BRONX, N.Y. — Bob Watson, who served as New York Yankees General Manager from 1996 to 1997, has died at the age of 74. Watson’s son Keith confirmed on Twitter that his father had passed away following a long battle with kidney disease.
Born on April 10, 1946, in Los Angeles, Calif., Watson’s career as a player and executive spanned six decades. As a player, Watson broke into the bigs at age 20 with the Houston Astros in 1966. Playing outfield and first base the better part of 14 seasons with the Houston Astros, Watson was a two-time National League All-Star.
After a trade to the Boston Red Sox in 1979, Watson signed with the Yankees in 1980. Watson was a solid contributor during his time in the Bronx. In the 1980 ALCS, Watson hit .500 against the Kansas City Royals. In 1981, Watson helped the pinstripes win the pennant, batting .438 against the Milwaukee Brewers in the ALDS, .250 against the Oakland Athletics in the ALCS and .318 against the Los Angeles Dodgers in the World Series.
The Yankees traded Watson to the Atlanta Braves in 1982, where he would first link up with Joe Torre when Torre skippered the Bravos.
Watson’s 19-year playing career winded down in 1984. A distinguished career which included 1,826 hits. Watson was also the first player in history to hit for the cycle in both leagues.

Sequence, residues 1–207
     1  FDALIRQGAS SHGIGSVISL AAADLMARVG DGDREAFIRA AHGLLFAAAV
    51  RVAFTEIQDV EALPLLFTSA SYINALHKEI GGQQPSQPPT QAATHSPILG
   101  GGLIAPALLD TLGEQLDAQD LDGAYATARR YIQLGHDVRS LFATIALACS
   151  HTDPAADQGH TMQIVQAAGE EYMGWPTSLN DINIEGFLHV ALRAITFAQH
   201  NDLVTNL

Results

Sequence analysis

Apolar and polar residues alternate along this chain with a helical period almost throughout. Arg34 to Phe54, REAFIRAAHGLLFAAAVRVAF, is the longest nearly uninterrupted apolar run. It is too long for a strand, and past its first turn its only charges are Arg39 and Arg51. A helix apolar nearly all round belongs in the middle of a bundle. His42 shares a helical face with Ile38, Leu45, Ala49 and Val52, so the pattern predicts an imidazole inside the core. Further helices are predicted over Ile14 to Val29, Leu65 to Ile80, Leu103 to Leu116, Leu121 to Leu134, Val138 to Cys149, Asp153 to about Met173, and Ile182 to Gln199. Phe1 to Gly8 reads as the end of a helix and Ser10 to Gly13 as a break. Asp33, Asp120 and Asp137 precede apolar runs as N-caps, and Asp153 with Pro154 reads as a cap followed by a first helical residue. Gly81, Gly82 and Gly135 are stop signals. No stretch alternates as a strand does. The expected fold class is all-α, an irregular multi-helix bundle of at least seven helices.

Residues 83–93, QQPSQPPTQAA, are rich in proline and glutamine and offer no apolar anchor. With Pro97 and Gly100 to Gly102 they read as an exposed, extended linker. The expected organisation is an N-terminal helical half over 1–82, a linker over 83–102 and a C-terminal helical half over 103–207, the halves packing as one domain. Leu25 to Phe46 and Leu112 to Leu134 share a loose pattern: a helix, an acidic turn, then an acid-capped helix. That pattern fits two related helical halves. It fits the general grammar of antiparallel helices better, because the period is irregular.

During his post-playing career, Watson was the hitting coach for the 1988 AL pennant-winning Oakland Athletics. In 1993, the Astros made Watson the second African American general manager in MLB history, a role he held until 1995.
From there, Watson was hired as Yankee general manager on Oct. 23, 1995, taking over for Gene “Stick” Michael and held that position until Feb. 2, 1998. Watson’s maneuvering in 1996 helped the Yankees win their first World Series title since 1978. In doing so, Watson became the first African American general manager to accomplish the feat.
Some of the moves Watson made in assembling the 1996 squad included acquiring Joe Girardi, Tino Martinez, Jeff Nelson, Jim Mecir, Tim Raines, Mike Aldrete, Cecil Fielder, David Weathers, Luis Sojo, Graeme Lloyd, and Charlie Hayes. In 1997, Watson added players who would factor into future titles, such as David Wells, Mike Stanton, and Chad Curtis. Watson, like Michael, was also a calming voice in not making rash trades with homegrown prospects.
Yes, George Steinbrenner loomed large as a hands-on owner, “Stick” was the architect, Brian Cashman is a ninja who kept the dynasty rolling and is still going. Buck Showalter was a builder like “Stick” and Torre managed all of the players, personalities, and egos to multiple titles. However, in the middle of it all, Watson played a pivotal role in shaping the team and deserves a ton of credit in building, shaping, and producing a winner in 1996.